This is not simply giving the liturgy a Cambodian guise, but something deeper: the people’s way of experiencing God. What is emerging is not French colonialist Catholicism but a distinctively indigenous Church, arising from the grassroots and often lay-led. The priority is to restore life after the war in Cambodia, becoming witnesses of God’s love, mercy and compassion, a priority stronger than any force of hatred or death, ideology or partisan religion. The annual Catholic Mission Church Appeal will occur in each Catholic parish one weekend through May-August. To support the appeal or learn more, P Mark, 0408 020 511 or visit www.catholicmission. org.au.
GIVE US A SIGN runs through the month of May and gives all churches, schools and individuals the chance to stand together to call for peace. To find out more visit https://giveusasign.org/
By ALYSSA FAITH
Is it time for a difficult but necessary conversation?
The risen Christ, Sacred Heart Columbarium.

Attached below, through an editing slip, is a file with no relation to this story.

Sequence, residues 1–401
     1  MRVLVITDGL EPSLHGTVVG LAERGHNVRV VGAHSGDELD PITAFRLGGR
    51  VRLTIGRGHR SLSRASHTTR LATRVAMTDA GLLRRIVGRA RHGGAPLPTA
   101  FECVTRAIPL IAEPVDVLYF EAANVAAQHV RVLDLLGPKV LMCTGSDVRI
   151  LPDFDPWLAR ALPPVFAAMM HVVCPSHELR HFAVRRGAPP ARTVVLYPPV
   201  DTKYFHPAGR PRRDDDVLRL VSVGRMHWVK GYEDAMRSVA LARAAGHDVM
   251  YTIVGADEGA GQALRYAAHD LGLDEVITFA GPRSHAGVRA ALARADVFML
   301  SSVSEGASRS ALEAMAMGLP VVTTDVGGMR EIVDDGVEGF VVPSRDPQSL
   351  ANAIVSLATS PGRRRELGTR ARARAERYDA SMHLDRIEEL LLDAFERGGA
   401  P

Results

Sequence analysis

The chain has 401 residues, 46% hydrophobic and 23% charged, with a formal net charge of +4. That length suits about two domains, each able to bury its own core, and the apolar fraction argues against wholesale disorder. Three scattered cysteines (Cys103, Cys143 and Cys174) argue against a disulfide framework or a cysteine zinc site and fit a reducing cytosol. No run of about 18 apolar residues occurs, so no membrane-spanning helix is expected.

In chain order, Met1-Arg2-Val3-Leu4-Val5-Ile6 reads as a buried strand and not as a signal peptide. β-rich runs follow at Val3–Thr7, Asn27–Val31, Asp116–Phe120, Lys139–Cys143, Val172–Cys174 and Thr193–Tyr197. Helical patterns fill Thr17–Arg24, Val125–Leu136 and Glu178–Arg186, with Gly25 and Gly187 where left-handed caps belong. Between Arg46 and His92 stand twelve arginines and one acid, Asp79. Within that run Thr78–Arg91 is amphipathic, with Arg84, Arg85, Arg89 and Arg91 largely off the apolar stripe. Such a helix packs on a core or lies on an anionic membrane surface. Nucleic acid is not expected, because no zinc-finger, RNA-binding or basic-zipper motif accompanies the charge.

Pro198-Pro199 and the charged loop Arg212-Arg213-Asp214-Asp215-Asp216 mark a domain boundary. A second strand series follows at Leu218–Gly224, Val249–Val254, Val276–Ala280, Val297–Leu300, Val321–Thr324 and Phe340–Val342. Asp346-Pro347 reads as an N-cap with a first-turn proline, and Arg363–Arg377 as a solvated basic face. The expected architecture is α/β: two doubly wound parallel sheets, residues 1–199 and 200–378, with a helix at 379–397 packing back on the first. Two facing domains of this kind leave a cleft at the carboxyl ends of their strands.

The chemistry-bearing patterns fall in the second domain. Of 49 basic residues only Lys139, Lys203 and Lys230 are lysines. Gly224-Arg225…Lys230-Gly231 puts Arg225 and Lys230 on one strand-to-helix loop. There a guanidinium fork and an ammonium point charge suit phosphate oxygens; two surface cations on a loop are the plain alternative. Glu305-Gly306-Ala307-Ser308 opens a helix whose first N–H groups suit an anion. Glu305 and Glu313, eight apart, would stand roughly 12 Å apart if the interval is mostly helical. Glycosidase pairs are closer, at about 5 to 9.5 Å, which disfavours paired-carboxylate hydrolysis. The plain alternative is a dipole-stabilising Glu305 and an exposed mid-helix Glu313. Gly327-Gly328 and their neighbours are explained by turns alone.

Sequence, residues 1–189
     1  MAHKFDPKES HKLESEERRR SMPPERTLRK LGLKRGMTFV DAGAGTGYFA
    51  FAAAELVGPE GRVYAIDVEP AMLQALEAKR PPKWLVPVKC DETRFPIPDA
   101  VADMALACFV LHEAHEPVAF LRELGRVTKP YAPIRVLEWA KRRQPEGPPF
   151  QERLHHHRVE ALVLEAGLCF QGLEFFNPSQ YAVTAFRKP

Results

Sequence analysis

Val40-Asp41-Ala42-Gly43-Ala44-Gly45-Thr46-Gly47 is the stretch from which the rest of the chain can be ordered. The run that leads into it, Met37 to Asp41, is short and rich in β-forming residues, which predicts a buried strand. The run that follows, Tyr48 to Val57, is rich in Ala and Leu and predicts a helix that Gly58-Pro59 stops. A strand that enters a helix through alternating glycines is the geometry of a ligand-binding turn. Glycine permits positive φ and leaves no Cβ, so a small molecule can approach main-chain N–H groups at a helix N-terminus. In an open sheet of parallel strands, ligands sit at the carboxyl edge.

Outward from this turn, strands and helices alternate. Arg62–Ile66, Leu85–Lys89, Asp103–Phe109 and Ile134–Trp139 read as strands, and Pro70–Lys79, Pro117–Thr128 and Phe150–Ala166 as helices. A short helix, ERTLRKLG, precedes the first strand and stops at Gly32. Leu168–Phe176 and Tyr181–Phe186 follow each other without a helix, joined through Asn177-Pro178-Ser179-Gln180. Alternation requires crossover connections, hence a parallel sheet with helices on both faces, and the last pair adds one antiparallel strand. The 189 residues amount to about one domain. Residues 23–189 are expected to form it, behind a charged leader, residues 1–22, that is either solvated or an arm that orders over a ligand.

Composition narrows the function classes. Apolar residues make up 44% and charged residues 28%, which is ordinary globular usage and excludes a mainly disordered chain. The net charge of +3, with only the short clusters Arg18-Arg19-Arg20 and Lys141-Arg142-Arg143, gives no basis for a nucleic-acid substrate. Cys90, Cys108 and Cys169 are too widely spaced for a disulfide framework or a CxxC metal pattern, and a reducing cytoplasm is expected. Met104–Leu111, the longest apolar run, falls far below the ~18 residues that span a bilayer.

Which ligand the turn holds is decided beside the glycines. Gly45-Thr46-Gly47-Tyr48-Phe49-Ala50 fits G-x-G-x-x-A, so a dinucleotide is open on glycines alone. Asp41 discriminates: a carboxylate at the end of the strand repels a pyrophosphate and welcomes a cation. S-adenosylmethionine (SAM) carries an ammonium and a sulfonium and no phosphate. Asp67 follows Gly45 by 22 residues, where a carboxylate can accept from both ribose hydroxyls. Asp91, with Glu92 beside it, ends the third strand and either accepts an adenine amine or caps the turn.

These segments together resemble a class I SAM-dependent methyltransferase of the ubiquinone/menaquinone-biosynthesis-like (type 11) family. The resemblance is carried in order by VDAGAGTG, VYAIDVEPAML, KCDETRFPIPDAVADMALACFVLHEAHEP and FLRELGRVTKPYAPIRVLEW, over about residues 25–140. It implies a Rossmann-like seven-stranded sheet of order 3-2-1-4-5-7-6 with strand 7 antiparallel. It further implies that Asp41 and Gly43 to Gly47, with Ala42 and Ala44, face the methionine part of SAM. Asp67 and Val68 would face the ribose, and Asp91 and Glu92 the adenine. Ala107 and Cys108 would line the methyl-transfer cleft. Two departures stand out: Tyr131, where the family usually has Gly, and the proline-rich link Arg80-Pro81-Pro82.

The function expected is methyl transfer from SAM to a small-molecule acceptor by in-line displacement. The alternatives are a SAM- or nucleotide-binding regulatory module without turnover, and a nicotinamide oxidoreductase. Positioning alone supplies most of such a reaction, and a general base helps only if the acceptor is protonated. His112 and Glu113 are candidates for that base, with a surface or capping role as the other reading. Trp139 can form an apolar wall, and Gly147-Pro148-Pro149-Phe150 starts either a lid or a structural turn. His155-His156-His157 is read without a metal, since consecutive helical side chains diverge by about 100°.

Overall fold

Dust you are and to dust you shall return. Genesis (3:19) “Do you want to be buried or cremated?” is not usually a question you ask around the dinner table, and for many years, cremation wasn’t even an option available to Catholics. However, since Pope Paul VI lifted the ban in 1963, cremation has become an increasingly popular option among Catholics. Such a decision requires an important conversation, or conversations, and although some may find this topic uncomfortable, it could be seen as a kindness to pass on final wishes to loved ones − so the dinner table may not be a bad place to initiate these conversations. Following the example of Christ’s burial, the early Christian church rejected the practice of cremation, believing that the body was to remain intact for resurrection. This practice continued in Christian-ruled countries for over 1500 years. During that time, cremation was strongly opposed by Christians, as early pagan cremations were seen as a denial of Christ’s resurrection. In 789, to ensure the dead were buried, Charles the Great, King of the Franks, went so far as to create a law punishing the act of cremation by death. In 1870, following the creation of the first modern cremation chamber in Italy, the popularity of cremation began to rise. In 1886, the Catholic Church officially banned cremations. Since 1963, the Vatican has permitted cremation, but only if that choice is not a reflection of doubt or disbelief of Catholic teachings surrounding death, resurrection and eternal life. The Church also gives specific instruction surrounding the treatment of the remains of one who has died. As a 18